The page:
Paper Napkins and Towels—a Convenience; Cloth Napkins and Towels-a Nicety!

It’s all about personal preference, meal time habits, and perhaps your commitment to the Green Movement. Either way, we know how convenient paper napkins and towels are, so they’re here to stay, right?

But still, when setting the table, adding a few little niceties (such as a cloth napkin sitting next to or on your dinnerplate) just brightens things up. So why not?

On this topic, one of my favorite websites,, offered some great suggestions on both paper and cloth so that whichever you choose to use, the carbon footprint will be as minimal as possible. While the whole idea of the Green Movement can seem a little overwhelming, if you just practice one or two of the tips below, you’ll be making an impact. That said, consider these smart ideas:


  • If you can, purchase paper towels made of 100 percent recycled materials.
  • Look for paper products that contain a minimum of 90 percent post-consumer waste.
  • Choose unbleached paper towels. If those are unavailable, opt for process chlorine free (PCF) next, or elemental chlorine free (ECF) as a last choice. Why is this important? Paper that is processed chlorine free (PCF) uses ozone, oxygen and/or peroxide to bleach the paper. The lack of chlorine significantly reduces the amount of harmful waste produced by the process.
  • Choose paper towels and napkins that have no added pigments, inks or dyes (say goodbye to that floral printed border). It is better to stay safe by using plain paper towels. That way, you’ll avoid potential poisoning from hard metals, potentially hazardous ink, and other unknown, harmful elements.
  • Select packaging with minimal environmental impact, such as that made of recycled and recyclable materials; imprinted with safe inks; and containing no toxic metals, dyes or inks.
  • Seek items having the largest amount of product to minimize packaging, for example, high-capacity hard-wound roll towels have 800 feet or more. Some brands are puffier and allow for fewer paper towels per roll or napkins per package.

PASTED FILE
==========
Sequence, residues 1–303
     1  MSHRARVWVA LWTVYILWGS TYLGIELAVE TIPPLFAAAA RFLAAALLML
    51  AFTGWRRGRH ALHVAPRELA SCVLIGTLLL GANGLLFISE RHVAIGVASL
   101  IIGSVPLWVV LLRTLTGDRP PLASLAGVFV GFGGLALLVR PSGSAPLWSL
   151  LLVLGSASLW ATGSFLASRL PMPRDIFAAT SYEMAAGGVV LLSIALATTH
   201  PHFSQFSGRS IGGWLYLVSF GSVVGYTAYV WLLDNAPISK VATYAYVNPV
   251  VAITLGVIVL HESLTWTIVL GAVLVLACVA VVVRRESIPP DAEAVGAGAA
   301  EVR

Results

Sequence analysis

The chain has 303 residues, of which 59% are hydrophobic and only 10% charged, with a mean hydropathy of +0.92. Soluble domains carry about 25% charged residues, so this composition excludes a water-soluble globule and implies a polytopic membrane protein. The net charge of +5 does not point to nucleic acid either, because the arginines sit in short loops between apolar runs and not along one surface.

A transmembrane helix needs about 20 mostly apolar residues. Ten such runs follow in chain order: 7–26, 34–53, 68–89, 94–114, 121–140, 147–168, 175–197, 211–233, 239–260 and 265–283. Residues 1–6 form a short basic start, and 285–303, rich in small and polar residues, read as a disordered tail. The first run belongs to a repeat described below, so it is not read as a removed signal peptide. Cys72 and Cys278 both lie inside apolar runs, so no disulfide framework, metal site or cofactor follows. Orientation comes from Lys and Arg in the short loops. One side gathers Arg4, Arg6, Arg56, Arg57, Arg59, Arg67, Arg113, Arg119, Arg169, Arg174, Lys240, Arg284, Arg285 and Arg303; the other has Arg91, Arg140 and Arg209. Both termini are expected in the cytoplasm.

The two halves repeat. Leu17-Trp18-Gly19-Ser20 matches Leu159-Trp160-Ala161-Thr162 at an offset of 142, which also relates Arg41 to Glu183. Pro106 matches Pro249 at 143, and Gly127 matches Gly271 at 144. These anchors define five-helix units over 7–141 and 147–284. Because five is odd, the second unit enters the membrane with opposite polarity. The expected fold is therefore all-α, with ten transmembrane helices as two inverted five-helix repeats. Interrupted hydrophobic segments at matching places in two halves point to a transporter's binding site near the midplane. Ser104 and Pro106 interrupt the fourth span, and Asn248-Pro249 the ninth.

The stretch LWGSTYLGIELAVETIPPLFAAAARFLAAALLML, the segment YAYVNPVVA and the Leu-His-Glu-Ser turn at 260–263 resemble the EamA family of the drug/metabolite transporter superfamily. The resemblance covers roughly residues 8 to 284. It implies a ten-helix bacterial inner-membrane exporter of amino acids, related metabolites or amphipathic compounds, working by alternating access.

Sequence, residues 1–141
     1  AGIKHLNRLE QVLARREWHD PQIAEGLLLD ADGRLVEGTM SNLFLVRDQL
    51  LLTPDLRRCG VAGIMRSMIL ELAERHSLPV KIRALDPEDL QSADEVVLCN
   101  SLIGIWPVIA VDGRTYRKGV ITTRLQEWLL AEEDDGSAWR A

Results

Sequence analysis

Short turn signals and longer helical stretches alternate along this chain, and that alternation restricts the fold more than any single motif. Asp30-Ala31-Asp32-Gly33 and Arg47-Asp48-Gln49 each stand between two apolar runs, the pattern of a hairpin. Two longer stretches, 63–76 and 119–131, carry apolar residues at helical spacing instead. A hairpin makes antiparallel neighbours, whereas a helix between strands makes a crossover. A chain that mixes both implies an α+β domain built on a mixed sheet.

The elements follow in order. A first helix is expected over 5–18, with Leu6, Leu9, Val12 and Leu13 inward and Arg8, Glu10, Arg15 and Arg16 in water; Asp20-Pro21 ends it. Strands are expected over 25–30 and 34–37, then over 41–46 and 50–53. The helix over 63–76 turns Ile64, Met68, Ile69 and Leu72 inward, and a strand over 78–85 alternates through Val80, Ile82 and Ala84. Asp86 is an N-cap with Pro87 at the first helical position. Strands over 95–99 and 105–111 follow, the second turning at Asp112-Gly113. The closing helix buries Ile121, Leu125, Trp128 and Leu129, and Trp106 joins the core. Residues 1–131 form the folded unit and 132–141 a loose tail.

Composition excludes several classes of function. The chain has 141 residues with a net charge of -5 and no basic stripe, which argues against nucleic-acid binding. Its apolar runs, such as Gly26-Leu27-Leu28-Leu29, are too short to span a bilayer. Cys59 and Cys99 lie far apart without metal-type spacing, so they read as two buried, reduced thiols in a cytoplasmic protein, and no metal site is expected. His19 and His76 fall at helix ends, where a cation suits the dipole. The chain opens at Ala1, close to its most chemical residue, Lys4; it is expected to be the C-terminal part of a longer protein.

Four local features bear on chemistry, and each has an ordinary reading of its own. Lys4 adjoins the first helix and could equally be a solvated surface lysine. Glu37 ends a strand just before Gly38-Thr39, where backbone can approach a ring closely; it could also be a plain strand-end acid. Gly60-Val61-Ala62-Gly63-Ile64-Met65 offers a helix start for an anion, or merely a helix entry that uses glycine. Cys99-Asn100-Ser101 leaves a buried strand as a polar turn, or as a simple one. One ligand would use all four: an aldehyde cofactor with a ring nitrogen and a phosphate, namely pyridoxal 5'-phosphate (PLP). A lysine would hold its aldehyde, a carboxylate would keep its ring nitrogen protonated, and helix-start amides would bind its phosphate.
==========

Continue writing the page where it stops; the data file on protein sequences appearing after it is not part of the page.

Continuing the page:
• Avoid folded paper towels; it’s too easy to use too many of them.
  • Look for paper towels that are wound on a 100 percent recycled core.


  • Only wash when soiled. Most adults don't really dirty a napkin after every meal.
  • Designate a place to store "in-use" napkins and use the same one until it is dirty.
  • If you have a large family, designate a napkin ring for each member to identify their napkin between meals.
  • Toss dirty napkins and dish towels in with other laundry.
  • Use eco-friendly laundry detergent.
  • Wash with cold water and line dry. We installed a wooden lath frame inside the window of our laundry room so that during inclement weather, I can still hang flat things up easily (napkins, dish towels, place mats, dish cloths, etc.) And of course, when weather permits, hang things outside.

Speaking of hanging laundry outside, I found a great retractable clothesline from Home Depot (for $70) that we strung from one wall to another on our deck. The five lines extend to 34 feet. has retractable clotheslines as well.

This little item has been an amazing workhorse and has saved us a lot of money on our power bill. And of course, there’s nothing like line-dried laundry (especially bed linens), don’t you agree?

I’ll close with one last cloth tip. Sometimes you can find really pretty cotton dish towels at the thrift store. When I do, I buy a few and cut them into smaller sizes to use as napkins. I don’t bother hemming them, but instead I fringe them. Just another way to go “Green” and save some money as well!


    Alice Osborne
    Weekly Newsletter Contributor since 2006
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